Rather than the gore-endurance test the marketing suggests, Raw shows its hand early as a startlingly intimate coming-of-age story centred around a complicated sororal relationship that is spiced up considerably by Julia Ducournau’s delightful gallows humour. The most upsetting moments in the film are not the moments of cannibalism (which are generally just hilarious), but the emotional pain inflicted through the semi-incestuous rivalry at the heart of the picture. Raw is about one woman trying to balance what it means to be a mature human person and what it means to be a mature human animal – and it’s also about her sister, trying and failing to be a teacher.

I mean, this was basically made for me, the tone is exactly my bag, and I guffawed multiple times in the theatre, especially when cued by the guttural, heavy metal organ soundtrack. Ducourneau has an eye for detail and character (she’s willing to go on these little amazing narrative detours just to add a flavourful side character, like a sassy old man with dentures), and this is a hell of a debut.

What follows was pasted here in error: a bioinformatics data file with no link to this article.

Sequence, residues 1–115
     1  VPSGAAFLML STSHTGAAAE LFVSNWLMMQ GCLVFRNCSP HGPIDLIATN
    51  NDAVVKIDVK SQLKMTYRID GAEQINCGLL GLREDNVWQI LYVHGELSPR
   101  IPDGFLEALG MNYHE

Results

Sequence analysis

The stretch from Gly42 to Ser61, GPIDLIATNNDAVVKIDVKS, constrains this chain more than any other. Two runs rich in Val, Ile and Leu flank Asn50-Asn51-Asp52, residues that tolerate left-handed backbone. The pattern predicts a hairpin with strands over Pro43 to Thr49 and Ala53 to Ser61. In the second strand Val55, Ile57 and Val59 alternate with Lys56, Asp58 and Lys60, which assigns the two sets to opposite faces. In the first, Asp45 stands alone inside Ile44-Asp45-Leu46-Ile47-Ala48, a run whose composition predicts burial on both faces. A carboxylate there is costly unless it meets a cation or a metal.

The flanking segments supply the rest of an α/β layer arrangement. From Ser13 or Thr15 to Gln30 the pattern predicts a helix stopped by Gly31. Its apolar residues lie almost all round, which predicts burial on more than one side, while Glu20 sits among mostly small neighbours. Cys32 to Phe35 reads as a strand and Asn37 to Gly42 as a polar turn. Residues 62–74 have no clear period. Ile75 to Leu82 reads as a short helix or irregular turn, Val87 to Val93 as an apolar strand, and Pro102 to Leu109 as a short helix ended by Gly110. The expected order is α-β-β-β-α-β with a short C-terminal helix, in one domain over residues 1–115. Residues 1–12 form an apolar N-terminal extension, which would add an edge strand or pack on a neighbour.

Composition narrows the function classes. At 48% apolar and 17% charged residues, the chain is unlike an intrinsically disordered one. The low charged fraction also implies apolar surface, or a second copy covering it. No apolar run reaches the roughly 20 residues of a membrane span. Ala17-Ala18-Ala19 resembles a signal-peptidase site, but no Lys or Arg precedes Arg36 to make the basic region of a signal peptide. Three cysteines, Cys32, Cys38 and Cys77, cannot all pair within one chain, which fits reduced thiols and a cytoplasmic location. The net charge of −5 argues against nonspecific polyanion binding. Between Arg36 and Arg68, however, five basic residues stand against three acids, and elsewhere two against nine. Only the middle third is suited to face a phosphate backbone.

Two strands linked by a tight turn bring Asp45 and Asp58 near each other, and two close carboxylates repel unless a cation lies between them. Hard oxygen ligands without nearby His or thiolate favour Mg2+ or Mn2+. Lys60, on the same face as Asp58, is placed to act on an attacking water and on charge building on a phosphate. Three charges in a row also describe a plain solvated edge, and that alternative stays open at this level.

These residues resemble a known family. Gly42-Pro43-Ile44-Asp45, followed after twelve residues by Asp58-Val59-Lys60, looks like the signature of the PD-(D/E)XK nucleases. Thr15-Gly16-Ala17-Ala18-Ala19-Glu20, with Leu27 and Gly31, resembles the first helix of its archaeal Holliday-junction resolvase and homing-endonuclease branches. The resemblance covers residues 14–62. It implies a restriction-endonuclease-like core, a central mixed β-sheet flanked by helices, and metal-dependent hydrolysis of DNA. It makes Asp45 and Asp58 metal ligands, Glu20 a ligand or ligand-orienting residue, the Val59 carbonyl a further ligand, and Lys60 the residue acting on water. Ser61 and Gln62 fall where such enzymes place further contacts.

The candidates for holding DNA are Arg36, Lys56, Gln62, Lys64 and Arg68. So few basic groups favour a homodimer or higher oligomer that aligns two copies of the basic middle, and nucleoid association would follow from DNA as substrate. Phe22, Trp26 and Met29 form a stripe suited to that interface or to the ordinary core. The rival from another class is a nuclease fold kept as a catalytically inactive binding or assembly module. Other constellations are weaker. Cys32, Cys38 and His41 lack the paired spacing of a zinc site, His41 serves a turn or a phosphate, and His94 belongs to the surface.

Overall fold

After the screening I saw, there was a brief discussion with a few female critics, and the best thing that came out of it was when one of the critics (whose first name I remember but of which I will refuse to butcher the spelling) said, “Heteronormativity is the true monster.” And the whole audience started hooting and hollering.


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